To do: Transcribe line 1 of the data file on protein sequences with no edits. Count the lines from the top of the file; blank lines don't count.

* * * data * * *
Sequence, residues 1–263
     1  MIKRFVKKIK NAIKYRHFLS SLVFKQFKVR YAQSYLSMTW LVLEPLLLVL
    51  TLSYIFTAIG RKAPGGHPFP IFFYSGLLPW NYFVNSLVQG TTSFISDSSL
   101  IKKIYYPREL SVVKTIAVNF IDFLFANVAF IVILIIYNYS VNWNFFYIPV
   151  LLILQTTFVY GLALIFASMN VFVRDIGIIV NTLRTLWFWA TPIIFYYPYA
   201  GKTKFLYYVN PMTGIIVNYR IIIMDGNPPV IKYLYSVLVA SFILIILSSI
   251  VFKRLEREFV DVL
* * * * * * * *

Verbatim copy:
Sequence, residues 1–263